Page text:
A man looks in the window of a closed business place along Queen Janelle Commissiong Street, Port-of-Spain, yesterday.

Kyron Regis

[email protected]

A large section of the business community has acknowledged that the financial impact of the COVID-19 pandemic will be more significant than the negative medical impact of the outbreak itself.

The business leaders’ concerns were detailed in a Business Outlook Study conducted by Market Facts and Opinions alongside the T&T Chamber of Industry and Commerce. The findings indicate that business leaders “are worried that it is possible that the potential economic consequences (of COVID-19) may be more damaging than the physical toll exacted.”

“Most respondents (9 in 10) believe that the economic impact will be greater than the outbreak itself, that things are going to get worse before they get better and that job security is uncertain,” the findings said.

A similar proportion of the community also acknowledged the seriousness of the pandemic.

The study said the business community is very aware of the dangers that loom large due to the virus and believes this is a matter weightier than the fate of each individual business.

According to the report, they perceive the major challenge to be that of the survival of the overall economy and that the times ahead are filled with uncertainty.

Additionally, the business leaders are concerned about whether the general public will be compliant with the protocols introduced to limit the effects of the spread of the virus. Accordingly, the business community is of the view that if the population is compliant, the country may be able to go back to work sooner than later.

The study explained that it is imperative that these business leaders do not, by their actions, separate themselves from the sacrifice needed to go through the pain that awaits.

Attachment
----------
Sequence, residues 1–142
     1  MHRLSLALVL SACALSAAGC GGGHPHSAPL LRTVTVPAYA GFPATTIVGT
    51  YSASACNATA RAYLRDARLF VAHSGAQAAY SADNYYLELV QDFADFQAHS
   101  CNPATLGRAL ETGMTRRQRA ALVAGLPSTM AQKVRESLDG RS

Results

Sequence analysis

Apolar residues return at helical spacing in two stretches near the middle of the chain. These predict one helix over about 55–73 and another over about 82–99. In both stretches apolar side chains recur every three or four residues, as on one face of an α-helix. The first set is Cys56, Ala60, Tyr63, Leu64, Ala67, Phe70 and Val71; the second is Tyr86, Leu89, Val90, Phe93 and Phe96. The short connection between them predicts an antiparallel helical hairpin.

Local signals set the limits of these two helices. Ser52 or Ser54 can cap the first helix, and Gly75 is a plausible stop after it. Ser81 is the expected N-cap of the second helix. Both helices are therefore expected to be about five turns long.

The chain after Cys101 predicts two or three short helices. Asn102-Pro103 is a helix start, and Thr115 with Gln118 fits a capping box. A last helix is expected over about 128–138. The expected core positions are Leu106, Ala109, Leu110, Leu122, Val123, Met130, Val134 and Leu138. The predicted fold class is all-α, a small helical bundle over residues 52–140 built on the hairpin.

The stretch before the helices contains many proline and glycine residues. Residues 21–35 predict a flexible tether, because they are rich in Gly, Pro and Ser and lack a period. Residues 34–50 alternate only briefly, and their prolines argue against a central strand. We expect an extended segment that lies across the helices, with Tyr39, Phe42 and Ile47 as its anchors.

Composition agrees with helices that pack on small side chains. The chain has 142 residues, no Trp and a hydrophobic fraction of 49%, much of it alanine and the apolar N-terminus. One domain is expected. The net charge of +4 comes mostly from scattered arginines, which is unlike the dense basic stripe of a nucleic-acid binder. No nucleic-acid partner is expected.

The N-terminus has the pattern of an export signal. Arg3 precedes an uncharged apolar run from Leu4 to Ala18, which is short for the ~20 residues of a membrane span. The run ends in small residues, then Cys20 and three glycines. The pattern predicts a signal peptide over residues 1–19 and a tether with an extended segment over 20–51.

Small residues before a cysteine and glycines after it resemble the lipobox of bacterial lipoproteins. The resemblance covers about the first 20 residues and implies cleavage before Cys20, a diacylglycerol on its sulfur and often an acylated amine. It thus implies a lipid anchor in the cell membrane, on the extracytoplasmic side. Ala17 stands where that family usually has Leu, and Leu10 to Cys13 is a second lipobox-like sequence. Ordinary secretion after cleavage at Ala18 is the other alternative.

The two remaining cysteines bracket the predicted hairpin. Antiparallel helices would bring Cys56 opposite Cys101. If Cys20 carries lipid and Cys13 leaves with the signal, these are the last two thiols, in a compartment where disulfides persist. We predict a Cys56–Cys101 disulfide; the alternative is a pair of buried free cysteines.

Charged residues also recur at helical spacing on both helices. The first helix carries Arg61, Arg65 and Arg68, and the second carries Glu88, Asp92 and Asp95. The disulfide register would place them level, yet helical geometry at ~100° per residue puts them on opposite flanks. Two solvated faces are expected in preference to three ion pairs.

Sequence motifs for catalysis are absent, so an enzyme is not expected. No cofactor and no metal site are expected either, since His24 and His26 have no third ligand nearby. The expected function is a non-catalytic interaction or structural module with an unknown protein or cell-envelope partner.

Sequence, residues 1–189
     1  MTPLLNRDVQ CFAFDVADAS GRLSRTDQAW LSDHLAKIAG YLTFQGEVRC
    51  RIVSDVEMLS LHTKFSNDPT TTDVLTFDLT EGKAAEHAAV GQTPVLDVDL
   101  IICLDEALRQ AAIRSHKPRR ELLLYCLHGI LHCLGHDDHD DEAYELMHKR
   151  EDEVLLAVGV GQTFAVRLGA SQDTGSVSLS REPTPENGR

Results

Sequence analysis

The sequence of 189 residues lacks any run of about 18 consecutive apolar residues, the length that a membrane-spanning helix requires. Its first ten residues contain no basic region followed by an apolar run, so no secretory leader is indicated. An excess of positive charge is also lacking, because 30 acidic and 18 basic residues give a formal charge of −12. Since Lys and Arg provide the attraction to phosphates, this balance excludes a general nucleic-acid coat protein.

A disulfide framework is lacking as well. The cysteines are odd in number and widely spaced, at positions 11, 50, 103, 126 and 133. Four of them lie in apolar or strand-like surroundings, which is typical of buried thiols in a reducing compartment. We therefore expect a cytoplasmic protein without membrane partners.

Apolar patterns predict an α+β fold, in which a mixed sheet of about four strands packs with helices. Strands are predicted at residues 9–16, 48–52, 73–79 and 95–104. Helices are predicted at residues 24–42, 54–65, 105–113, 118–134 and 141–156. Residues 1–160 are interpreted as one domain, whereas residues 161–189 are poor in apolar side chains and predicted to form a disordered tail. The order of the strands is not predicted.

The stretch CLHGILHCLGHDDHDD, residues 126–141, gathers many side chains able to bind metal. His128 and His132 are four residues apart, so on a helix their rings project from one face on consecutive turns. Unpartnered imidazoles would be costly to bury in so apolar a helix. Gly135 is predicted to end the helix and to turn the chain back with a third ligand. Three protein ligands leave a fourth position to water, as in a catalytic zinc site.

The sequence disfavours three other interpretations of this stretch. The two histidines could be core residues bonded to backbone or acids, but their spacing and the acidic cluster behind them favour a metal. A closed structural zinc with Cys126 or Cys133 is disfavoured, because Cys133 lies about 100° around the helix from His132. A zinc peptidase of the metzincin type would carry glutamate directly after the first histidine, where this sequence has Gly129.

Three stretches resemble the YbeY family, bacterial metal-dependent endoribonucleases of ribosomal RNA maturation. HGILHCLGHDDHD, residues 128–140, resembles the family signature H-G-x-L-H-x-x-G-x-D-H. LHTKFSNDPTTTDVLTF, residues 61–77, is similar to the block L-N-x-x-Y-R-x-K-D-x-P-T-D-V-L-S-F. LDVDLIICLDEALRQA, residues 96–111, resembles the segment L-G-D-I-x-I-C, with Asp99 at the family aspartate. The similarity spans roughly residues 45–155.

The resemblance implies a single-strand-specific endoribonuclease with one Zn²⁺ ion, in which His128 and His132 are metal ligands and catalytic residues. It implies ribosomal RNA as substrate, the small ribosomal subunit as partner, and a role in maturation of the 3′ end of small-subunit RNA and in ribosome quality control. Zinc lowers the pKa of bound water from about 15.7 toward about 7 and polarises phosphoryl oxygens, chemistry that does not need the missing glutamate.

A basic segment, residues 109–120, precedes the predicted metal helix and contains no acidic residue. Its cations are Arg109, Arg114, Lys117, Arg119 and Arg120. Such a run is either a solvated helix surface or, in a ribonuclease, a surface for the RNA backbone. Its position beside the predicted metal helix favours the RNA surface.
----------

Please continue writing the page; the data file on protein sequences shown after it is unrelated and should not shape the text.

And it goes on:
It noted: “Navigating the uncertain shoals requires the conviction that should all the parties work together, the pain would be shortened.”

The business community argued that this conviction will determine to a large measure the attitude and productivity of the workers on the other side of the ‘curve’.

The study noted that short-term thinking, in attempting to manage the economic risks, may create long-term negative effects. It said there is no obvious play-book and that business leaders will need to create their own.

With the arrival of COVID-19 to T&T, businesses have reported that there have been three major challenges to be faced: maintaining financial sustainability, addressing staff’s fears and concerns and adjusting business operations.

However, most participants in the survey are of the view that their employees are productive. The study said at least a third of the participating businesses indicated they have a committed workforce and that they can adopt remote work. It noted that more than half of the businesses which hold this view are within the finance, retail, manufacturing and construction industries, or are more likely to be categorised as those who have “essential workers”.

There was also a high level of satisfaction expressed with the Government’s performance in handling the pandemic. According to 9 in 10 of the participants, the Government’s job has made them either ‘very satisfied’ or ‘satisfied’.

Nonetheless, while satisfaction in the Government’s performance is high, the study indicated that there is an apprehension about the Government’s ability to contain the spread of COVID-19. This is reflective of the strong view that collective and personal social responsibility – by means of the national effort to stay at home – affects the success of the Government.